Forty-five coronavirus cases at the University of Southern California have been connected to three fraternities associated with the school, according to the Los Angeles Department of Public Health. The health department, which is now investigating the outbreak, said in a statement to CBS News that it "may be linked to a large social gathering on July 4th."
USC first identified a cluster of about 15 cases along its fraternity row in a campus health alert on July 9. At the time, the school said "patients with confirmed positive tests" were in self-isolation at home or "in the process of being privately transported to isolation."
Dr. Sarah Van Orman, chief health officer for USC Student Health, however, wrote in a July 16 university advisory that the school was seeing "worrisome trends emerge" from its smaller summer population.
"Recent student exposure and illness has been traced back to group gatherings," Van Orman wrote. She noted there had been no transmission among students living in residence halls.
According to Van Orman, the school's positivity rate increased from 5% to 9% among students during the first two weeks of July. "Most of these cases are attributed to congregate living environments in private residences and group gatherings, especially over the Fourth of July weekend," she wrote.
School officials said that while the outbreak affected fraternity houses, it wasn't clear if those with the virus were members of fraternities or people who leased out rooms during the summer.
In response to the pandemic, the school has moved the vast majority of classes online, canceled events, limited on-campus housing, and added mask requirements as well as social distancing and symptom-checking measures, CBS Los Angeles reports.
The school has reported a total of 60 COVID-19 cases among students since July 5.
No new cases have been reported in the last week, leading school officials to believe the outbreak is over, CBS LA reports.
As of Thursday, the Los Angeles Department of Public Health has confirmed 41 new deaths and 2,628 new cases of COVID-19 across the county, according to a press release. In total, it has identified 185,872 positive cases of COVID-19, and 4,552 deaths due to the disease.
California currently leads the country for the largest number of confirmed COVID-19 cases, according to data collected by Johns Hopkins University. There have been 492,934 confirmed cases and 9,026 deaths in California as of Friday, with by far the largest concentration — 186,036 confirmed cases, and 4,559 deaths — located in Los Angeles.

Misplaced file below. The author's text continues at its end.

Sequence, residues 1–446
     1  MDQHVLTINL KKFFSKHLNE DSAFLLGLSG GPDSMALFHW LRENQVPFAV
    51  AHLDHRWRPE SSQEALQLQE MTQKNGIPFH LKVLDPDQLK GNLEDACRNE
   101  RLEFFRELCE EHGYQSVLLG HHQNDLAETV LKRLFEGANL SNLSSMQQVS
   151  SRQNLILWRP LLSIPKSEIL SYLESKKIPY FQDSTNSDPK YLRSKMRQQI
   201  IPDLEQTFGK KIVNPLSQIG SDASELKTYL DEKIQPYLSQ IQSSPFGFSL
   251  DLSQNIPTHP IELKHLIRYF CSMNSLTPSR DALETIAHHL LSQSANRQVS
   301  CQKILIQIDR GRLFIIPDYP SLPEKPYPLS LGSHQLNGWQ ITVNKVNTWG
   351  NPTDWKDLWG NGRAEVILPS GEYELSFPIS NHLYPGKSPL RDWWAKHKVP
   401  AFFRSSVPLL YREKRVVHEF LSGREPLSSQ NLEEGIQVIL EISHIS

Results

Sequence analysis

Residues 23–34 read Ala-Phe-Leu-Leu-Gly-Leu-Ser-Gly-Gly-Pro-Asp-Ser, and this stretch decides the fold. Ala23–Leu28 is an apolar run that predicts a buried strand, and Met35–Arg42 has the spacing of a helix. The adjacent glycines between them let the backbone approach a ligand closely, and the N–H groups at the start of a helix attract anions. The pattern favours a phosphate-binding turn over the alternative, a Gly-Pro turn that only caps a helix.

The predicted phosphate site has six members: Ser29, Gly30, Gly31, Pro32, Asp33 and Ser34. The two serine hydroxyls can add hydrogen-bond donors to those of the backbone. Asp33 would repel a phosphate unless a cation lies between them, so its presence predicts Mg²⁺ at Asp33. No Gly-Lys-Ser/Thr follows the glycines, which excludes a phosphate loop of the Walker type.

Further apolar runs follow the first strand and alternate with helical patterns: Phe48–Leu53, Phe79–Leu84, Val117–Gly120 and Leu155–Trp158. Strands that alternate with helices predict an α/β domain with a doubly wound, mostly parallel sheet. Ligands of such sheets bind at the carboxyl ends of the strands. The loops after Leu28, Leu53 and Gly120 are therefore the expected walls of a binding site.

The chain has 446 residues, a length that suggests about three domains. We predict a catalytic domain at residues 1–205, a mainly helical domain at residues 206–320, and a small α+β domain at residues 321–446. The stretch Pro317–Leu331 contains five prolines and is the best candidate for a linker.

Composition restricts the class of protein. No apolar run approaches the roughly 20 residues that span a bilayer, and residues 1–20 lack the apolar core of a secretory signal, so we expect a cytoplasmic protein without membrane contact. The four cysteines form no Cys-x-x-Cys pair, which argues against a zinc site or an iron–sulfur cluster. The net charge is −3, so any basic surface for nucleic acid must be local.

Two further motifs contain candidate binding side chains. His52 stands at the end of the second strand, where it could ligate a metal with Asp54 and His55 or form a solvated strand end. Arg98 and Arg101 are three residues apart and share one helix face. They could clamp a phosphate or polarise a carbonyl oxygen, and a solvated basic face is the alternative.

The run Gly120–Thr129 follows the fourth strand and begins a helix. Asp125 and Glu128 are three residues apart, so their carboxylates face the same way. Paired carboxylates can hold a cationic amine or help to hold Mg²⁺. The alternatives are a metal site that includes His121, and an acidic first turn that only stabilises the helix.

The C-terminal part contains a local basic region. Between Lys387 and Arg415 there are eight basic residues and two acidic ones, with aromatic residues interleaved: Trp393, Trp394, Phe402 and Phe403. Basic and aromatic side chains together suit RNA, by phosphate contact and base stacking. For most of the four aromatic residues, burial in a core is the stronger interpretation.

Gatherings of people from different households are currently prohibited under the county's Health Officer Order for the control of COVID-19.
"These are high-risk situations where COVID-19 can spread quickly to many people," reads the health department's statement regarding the USC outbreak. "Those people, even if they are asymptomatic, can then spread it to their household, which may include someone who becomes seriously ill or who may die."
"As we have seen, people's health, people's livelihoods, and people's lives are at stake."
USC is not the only university that has seen cased linked to fraternity houses. Earlier this month, CBS affiliate KIRO-TV reported.near the University of Washington campus reported testing positive for COVID-19. The Interfraternity Council, a student-led governing board for UW fraternities, said that at least 105 residents living in 15 fraternity houses have self-reported that they tested positive,
The university, located in Seattle, learned Saturday that some fraternity residents had symptoms of COVID-19, and public health officials noticed a spike in cases among people ages 18 to 20, according to university spokeswoman Michelle Ma.
Daniel Leifer, a pediatrician studying dermatology at UW, estimated that he saw about a dozen parties when walking by Greek Row in recent months. Students stood close together, and masks were nowhere to be seen, he said.
"Unless all of us understand that right now our only tools are physical distancing and wearing masks, we're going to continue to have devastation, not only in terms of the economy, our learning, our academics, our jobs, but people dying," Van Orman told the Los Angeles Times.
"Each of us have to decide what we stand for. Frats need to do that as well."